The wires were washed using three 1 ml quantities of acetone, air dried and hermetically sealed (using tungsten inert gas welding) within individual titanium containers about 4.5 mm long, 0.8 mm in diameter and having a wall thickness of about 0.06 mm.
In this example, individual silver wire rods were plated with silver chloride, eliminating the need to cut silver wire plated with silver chloride. The advantage of this technique is that the ends of the silver rods are also plated, which is not the case with the rods in Example 1. A special electroplating basket (1 inch in diameter by 11/4 inches high) consisting of a titanium support mesh and porous platinum lining was specially fabricated. One hundred silver rods, each 3 mm in length and 0.5 mm in diameter, were placed within the basket, and the basket was submerged in 1 liter of 1 M NaCl. A single platinum strip submerged within the NaCl was attached to the (-) terminal of a 6 volt direct current power supply and the platinum lined basket was connected to the (+) terminal. The basket containing the silver rods was rotated within the NaCl producing a tumbling effect of rods against the platinum wall of the (+) polarized basket while applying a constant current of about 0.5 milliamperes over 61/2 hours to achieve approximately the same degree of plating of silver chloride on the surface of the silver rods as described in Example 1.
The silver rods coated with silver chloride were removed from the basket, washed using a small volume of distilled water, rinsed with acetone and air dried. Iodine-125 and non-radioactive iodide were adsorbed onto the surface of the silver-silver chloride rods by ion exchange with chloride and the rods were sealed within titanium containers as described in Example 1.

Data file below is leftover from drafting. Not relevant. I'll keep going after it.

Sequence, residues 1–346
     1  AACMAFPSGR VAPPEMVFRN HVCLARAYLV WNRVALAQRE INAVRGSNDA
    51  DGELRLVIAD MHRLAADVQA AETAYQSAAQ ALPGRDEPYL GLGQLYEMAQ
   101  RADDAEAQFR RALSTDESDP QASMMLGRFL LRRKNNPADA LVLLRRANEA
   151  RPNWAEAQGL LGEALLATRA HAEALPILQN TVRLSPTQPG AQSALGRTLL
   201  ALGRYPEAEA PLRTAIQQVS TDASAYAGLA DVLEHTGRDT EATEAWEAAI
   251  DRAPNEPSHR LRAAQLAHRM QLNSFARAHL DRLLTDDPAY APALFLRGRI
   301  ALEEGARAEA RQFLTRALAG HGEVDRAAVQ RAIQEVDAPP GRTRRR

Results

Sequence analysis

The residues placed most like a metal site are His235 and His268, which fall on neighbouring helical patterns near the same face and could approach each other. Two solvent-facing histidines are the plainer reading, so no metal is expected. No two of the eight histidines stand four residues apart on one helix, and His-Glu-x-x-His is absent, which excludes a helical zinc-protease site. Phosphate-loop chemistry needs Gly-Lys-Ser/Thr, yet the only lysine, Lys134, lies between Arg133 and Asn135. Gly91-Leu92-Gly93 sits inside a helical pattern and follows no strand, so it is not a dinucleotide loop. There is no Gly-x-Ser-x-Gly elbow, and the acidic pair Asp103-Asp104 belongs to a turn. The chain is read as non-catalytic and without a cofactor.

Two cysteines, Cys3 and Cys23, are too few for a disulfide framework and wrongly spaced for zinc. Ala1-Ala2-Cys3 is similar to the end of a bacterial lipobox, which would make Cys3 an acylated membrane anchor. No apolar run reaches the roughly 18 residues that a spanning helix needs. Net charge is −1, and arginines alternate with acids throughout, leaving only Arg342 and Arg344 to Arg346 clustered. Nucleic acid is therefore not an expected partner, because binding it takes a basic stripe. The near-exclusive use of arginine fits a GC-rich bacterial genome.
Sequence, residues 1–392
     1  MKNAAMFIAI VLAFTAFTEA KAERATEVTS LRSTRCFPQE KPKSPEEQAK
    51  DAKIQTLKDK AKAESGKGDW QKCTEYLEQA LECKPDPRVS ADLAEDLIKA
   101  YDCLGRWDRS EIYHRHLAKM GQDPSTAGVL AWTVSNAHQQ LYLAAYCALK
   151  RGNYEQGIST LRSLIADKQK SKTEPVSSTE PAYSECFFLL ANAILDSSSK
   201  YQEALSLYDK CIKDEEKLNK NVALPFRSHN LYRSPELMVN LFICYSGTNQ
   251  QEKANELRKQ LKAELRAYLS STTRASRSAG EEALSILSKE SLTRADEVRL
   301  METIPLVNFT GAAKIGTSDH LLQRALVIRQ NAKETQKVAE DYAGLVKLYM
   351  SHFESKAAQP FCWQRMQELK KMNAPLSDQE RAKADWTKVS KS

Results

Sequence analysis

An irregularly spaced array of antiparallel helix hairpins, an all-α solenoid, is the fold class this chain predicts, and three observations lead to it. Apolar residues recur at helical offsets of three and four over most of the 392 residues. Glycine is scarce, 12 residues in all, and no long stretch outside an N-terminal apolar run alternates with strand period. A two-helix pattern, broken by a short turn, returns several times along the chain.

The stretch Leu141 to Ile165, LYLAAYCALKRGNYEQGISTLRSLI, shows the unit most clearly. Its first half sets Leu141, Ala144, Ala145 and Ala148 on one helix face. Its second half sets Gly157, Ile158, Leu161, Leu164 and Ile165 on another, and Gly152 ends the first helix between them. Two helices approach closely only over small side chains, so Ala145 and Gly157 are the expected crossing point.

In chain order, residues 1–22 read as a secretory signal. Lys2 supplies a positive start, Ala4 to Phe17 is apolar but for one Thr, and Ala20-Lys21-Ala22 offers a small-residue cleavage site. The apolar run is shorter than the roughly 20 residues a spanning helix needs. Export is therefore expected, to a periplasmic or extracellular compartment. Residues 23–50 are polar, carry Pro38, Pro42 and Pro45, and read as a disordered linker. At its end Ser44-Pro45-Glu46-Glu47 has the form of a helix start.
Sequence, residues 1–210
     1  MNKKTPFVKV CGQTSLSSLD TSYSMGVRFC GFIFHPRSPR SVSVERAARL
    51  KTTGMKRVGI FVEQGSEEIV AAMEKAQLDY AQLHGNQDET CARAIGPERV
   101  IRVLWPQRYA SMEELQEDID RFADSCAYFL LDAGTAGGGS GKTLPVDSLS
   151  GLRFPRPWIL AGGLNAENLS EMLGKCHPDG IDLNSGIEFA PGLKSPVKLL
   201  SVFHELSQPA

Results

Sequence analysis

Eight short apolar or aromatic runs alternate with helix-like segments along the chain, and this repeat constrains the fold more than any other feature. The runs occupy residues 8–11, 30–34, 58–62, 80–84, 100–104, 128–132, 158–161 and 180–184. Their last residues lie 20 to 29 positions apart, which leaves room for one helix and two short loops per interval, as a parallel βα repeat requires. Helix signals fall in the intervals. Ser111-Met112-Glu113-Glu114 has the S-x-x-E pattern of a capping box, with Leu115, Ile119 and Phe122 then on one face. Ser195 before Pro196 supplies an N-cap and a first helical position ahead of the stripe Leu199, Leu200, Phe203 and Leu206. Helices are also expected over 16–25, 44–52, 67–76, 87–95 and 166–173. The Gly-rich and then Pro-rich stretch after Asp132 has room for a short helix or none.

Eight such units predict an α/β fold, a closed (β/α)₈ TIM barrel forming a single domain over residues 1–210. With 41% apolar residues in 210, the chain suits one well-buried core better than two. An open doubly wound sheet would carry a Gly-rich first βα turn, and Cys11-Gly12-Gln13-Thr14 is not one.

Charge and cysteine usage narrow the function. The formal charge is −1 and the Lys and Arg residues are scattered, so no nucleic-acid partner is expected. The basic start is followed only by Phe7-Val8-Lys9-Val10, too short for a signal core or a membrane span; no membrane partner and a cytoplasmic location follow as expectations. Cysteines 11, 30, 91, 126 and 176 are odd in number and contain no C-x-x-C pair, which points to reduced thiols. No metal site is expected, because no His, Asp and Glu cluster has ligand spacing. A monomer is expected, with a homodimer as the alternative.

In this preferred embodiment of the invention, two thousand silver rods, each having a length of 3 mm and a diameter of 0.5 mm (>99.9% pure metal), were added to a glass vial. Twenty ml of 6 M HCl and 2 ml of 1 M sodium chlorite (NaClO2) were added sequentially to the vial, which was then rotated for one hour at room temperature. The rods, now coated with adsorbed silver chloride, were removed from the glass vial, rinsed well with water, then rinsed with acetone and air dried.
One hundred of these treated silver rods were added to an amber glass vial containing 150 millicuries of iodine-125 (in 0.3 ml of 10-4 M NaOH solution, pH 10) and non-radioactive iodide equivalent in weight to about 900 millicuries of iodine-125. The function of the non-radioactive iodide in this example was to mix with the radioactive iodine-125 and thus produce a more uniform distribution of iodine-125 on the surface of the individual silver rods.
The vial containing the silver rods and reaction solution was rotated for 19 hours. During this time, more than 97% of the iodine-125 became affixed to the surface of the treated silver rods. The supernatant was withdrawn from the rods. The rods were subsequently washed with acetone, air dried, and encapsulated within titanium containers as described in Example 1. X-ray visibility of the radioactive rods within titanium containers (implanted within raw meat) was excellent, showing the spatial orientation of the rods. Radiation intensity about the exterior of individual titanium containers, as profiled using a crystal diffractometer (having a sodium iodide detector) showed an expected dose pattern and indicated very uniform coating of iodine-125 over the surface of the silver rod inside.
Eighteen silver wire rods 3 mm long by 0.25 mm in diameter were added to a special glass reaction vial. The vial was 4.5 cm high by 1.5 cm in diameter. It contained a piece of platinum foil which completely covered the inside bottom of the vial and ran up the inside wall and out the top of the vial. This foil was connected to the (+) electrode of a 6 volt direct current power supply. Iodine-125 (18.8 millicuries) in 1.5 ml of dilute NaOH (pH about 10) was added to the vial. A special coiled platinum wire was then inserted into the vial just beneath the surface of the solution and attached to the (-) terminal of the power supply. The reaction vial was agitated using a "maxi-mix" which produced a gentle but rapid motion, causing the silver rods to spin and rotate on the circular platinum foil bottom of the vial. A constant current of 25 microamperes was applied for two hours causing anionic iodine-125 to affix to the surface of the (+)-charged silver rods in contact with the (+)-charged platinum foil. The supernatant solution was removed and the silver rods were washed with small portions of acetone and air-dried.